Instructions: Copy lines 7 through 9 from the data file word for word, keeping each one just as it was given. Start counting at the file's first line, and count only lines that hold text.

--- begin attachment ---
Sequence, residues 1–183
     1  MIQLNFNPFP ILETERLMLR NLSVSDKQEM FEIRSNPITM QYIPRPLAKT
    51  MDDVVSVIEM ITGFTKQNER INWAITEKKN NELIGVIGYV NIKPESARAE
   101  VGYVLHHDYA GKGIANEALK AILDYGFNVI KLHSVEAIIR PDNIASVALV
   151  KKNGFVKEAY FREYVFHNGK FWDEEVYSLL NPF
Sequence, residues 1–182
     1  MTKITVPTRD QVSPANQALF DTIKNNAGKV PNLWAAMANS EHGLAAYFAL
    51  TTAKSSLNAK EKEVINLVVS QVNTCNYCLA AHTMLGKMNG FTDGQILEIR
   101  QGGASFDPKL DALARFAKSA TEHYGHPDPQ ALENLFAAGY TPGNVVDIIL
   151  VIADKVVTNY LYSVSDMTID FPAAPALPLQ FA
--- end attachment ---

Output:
     1  MTKITVPTRD QVSPANQALF DTIKNNAGKV PNLWAAMANS EHGLAAYFAL
    51  TTAKSSLNAK EKEVINLVVS QVNTCNYCLA AHTMLGKMNG FTDGQILEIR
   101  QGGASFDPKL DALARFAKSA TEHYGHPDPQ ALENLFAAGY TPGNVVDIIL